Speaking of imperial languages, English too has undeniably become the de facto lingua franca of global commerce, international relations, and the scientific and technological world, much like Latin was during the heydays of the Roman Empire up to the Industrial Revolution. Two very vivid examples of how English is transforming global businesses is the Toyota-Peugeot factory in the Czech Republic and the Nokia headquarters in Finland. While managed by a multinational team and staffed mostly by technically skilled Czechs and Finns, respectively, the enforced medium of communication within the business and manufacturing complexes of both companies is unabashedly English. Elsewhere in Western Europe, the modern Swedes appear to have the highest level of English proficiency among non-English speaking countries largely due to the fact that Swedes believe that Swedish has very little communicative value in a global setting or even anywhere in the world that is not part of Sweden. At the other end of the scale is Spain, which lags behind all other European countries in English proficiency, a fact that may be related to its population’s awareness that Spanish is also a formidable language in its own right and is still used as the language of business and diplomacy in Latin America.

However, in a much larger scale, it is English that has become the medium of choice when representatives of the G7, BRIC (Brazil, Russia, India, China), and ASEAN communicate with each other. Without global English, the inter-relational proximity of different nations would have been very remote indeed, requiring translators that often feed a sense of “separateness” among diplomats. If anything, global English is helping diverse nations become closer together by eradicating previously problematic linguistic barriers to better trade, security and cultural relations.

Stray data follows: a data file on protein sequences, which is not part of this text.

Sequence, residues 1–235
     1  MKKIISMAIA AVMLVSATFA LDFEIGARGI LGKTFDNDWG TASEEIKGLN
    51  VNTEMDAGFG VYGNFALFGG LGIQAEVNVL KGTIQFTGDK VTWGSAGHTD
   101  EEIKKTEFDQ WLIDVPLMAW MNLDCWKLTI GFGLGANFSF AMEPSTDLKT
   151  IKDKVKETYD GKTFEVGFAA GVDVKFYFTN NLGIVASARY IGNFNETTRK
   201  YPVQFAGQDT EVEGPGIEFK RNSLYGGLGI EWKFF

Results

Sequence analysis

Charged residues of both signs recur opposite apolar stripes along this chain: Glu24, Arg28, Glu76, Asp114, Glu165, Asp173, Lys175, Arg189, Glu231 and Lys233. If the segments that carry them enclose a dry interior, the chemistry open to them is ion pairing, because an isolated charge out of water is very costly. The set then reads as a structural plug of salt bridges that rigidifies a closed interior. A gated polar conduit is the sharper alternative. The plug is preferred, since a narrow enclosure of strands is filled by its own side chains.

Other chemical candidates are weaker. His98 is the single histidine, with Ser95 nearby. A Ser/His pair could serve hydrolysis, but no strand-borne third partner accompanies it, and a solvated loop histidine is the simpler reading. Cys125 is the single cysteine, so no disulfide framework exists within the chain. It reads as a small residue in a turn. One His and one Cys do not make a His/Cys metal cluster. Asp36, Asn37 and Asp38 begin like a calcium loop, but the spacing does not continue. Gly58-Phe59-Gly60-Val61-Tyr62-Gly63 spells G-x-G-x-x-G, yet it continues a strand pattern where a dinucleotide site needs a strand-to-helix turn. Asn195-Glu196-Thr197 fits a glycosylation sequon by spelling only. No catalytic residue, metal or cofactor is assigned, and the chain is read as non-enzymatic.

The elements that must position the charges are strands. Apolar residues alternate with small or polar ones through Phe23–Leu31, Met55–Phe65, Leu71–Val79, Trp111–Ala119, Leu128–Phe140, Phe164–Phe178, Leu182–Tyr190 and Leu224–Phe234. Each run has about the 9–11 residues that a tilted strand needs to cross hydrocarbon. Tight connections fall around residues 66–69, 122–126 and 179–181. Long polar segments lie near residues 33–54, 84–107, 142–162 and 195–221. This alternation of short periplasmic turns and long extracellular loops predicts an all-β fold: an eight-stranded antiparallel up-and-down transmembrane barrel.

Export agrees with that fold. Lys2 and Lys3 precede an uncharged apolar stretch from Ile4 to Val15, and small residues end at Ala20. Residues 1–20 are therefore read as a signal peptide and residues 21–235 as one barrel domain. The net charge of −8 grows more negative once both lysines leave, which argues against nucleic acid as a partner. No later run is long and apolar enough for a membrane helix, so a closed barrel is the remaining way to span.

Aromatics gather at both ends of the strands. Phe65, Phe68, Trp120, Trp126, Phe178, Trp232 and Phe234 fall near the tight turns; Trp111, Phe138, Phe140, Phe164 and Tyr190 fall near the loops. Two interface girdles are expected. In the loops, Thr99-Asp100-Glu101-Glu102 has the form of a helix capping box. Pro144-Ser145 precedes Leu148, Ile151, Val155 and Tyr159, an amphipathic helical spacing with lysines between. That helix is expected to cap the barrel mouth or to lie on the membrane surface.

In the realm of science and technology, English has also helped the global exchange of research data and innovative ideas. Scientific journals and research are now mostly articulated through English, with some estimates placing its use in modern science and technology to as much as 90 percent. Even the Internet, one of the top technological marvels of the previous century, is largely English-based, even when large pockets of localized online content is spreading. Notably, the programming codes that established the World Wide Web and all its amazing functionalities today are also loosely based on the English language. Software programmers from non-native English-speaking countries have very little choice but to get immersed in the rudiments of the English language as used in the syntax of their programming codes.